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I am at present rigorously studying 擬音語/擬態語 (an entire world of its own!).

The definition my book has for ぼちぼち (also ぼつぼつ) is:

1. Gradually; slowly but steadily
2. Used to describe something that is about to happen.  Imminently.  Right away.
3. The condition of many dots or other small objects scattered around.

Ignoring definition 3, definition 1 seems nearly identical to どんどん and だんだん:

ぼちぼち ←→ どんどん ←→ だんだん

and definition 2 seems nearly identical to そろそろ:

ぼちぼち ←→ そろそろ

Is this correct?? If so, are they freely interchangeable in a given situation, etc.? Can someone explain any nuances amongst them??

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up vote 5 down vote accepted

Usage 1: I think this usage has sort of Kansai dialect flavour, although it can still be used in Tokyo dialect. While どんどん and だんだん have the implication that it is straightforwardly going towards one direction on the scale, ほちほち implies that some kind of force against it or brake is in effect, or it just implies that the rate of change is slower. It can even mean that it is not changing but is static at some moderate degree. Close English expressions are little by little or so-so. A typical (stereotypical) Osaka-merchants' greeting phrase:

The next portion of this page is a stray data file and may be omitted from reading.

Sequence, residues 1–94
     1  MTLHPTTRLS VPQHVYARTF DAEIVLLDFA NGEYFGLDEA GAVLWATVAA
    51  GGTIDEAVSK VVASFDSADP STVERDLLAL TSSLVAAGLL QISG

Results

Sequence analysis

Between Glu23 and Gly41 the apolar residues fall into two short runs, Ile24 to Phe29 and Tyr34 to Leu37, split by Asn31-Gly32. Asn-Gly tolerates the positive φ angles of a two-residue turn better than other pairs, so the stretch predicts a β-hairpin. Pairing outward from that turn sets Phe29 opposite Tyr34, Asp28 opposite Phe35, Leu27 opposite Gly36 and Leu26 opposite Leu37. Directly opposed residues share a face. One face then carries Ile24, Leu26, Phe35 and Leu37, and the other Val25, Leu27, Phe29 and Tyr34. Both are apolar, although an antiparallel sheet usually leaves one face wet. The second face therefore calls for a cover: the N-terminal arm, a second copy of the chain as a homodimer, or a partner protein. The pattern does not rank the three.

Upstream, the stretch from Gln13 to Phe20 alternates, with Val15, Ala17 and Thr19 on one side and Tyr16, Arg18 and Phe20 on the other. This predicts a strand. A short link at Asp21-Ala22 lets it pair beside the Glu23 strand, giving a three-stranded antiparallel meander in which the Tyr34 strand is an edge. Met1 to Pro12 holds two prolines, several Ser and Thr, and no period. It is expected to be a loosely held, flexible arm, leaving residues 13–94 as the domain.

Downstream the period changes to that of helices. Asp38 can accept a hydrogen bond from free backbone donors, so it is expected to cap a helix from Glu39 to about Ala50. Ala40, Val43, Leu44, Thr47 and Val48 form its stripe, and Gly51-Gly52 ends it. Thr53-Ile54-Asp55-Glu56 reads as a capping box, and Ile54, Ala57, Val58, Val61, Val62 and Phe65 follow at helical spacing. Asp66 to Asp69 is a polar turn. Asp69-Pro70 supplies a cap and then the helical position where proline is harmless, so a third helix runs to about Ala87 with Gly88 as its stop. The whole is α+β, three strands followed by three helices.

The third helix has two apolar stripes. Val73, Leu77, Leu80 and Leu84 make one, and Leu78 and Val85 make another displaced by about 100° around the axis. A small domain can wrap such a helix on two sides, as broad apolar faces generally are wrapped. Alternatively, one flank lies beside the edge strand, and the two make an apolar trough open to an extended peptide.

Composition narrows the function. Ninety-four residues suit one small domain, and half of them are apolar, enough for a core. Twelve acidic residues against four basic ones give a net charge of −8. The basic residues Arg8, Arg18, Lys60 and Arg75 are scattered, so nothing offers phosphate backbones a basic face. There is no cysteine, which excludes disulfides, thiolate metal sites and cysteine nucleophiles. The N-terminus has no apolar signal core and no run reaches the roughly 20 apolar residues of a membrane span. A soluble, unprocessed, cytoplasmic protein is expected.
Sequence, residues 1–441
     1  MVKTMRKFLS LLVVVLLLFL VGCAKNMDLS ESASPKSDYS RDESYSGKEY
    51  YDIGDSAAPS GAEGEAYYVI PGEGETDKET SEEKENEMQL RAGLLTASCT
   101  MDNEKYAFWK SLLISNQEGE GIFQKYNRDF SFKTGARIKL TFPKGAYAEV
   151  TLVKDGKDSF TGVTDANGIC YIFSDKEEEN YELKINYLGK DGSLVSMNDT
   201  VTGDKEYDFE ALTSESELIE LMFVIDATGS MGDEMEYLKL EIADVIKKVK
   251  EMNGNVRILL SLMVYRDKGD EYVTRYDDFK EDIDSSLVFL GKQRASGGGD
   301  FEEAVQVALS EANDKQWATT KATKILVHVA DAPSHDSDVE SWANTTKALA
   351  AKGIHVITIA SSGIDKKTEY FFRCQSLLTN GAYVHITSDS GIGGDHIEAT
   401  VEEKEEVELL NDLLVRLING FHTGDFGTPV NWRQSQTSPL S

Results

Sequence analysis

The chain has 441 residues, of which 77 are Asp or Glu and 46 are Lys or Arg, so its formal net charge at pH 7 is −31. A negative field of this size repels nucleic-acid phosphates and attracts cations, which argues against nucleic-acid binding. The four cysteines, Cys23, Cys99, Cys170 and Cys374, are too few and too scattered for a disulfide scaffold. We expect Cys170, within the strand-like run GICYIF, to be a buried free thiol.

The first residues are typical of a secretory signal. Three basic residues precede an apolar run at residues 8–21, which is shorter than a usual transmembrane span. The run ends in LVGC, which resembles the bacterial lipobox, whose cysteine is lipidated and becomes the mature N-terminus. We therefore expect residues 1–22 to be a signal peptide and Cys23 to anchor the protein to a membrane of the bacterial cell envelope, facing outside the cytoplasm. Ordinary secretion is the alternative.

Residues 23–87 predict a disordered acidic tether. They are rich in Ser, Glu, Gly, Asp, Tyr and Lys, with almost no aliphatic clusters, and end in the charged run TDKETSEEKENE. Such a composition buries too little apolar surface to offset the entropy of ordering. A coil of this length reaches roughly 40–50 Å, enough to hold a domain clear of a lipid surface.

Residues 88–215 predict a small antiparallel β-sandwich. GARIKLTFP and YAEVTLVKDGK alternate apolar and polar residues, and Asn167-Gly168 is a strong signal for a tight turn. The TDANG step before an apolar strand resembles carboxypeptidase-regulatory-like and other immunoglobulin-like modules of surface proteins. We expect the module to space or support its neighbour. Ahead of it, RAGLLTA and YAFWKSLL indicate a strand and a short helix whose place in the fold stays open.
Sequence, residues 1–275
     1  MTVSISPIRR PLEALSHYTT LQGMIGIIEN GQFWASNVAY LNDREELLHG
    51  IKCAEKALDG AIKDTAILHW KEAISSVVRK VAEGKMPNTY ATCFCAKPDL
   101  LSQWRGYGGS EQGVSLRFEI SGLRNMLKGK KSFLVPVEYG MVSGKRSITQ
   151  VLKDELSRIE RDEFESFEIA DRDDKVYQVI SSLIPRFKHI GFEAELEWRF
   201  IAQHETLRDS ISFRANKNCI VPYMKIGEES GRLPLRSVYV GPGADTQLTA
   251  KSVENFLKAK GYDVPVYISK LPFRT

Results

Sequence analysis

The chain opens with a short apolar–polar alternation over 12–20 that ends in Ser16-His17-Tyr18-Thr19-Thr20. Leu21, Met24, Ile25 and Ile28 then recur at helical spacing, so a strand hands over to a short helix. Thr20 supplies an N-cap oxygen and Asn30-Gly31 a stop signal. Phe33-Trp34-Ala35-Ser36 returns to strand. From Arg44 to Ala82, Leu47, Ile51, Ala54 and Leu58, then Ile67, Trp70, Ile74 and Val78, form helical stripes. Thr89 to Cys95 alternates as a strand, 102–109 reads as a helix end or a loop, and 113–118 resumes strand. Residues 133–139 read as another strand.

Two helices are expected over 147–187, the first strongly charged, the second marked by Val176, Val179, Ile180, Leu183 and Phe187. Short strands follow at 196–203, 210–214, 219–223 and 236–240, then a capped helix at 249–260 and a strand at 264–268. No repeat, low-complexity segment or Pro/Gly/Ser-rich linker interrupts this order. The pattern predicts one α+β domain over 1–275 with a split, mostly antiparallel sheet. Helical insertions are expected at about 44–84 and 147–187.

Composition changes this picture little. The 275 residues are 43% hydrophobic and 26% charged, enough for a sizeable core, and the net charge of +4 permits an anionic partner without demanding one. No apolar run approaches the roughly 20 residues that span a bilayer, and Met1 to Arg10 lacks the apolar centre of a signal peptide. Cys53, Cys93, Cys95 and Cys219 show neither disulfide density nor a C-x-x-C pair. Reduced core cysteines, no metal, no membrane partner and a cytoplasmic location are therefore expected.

A: 儲かりまっか。
'Is your business going well?'
B: ぼちぼちでんがな。

Usage 2: Under this usage, I think you can only use it for volitional acts.

'Let's get back to work.'

△ ぼちぼち雨が降るはずだ
'It is about to start to rain.'

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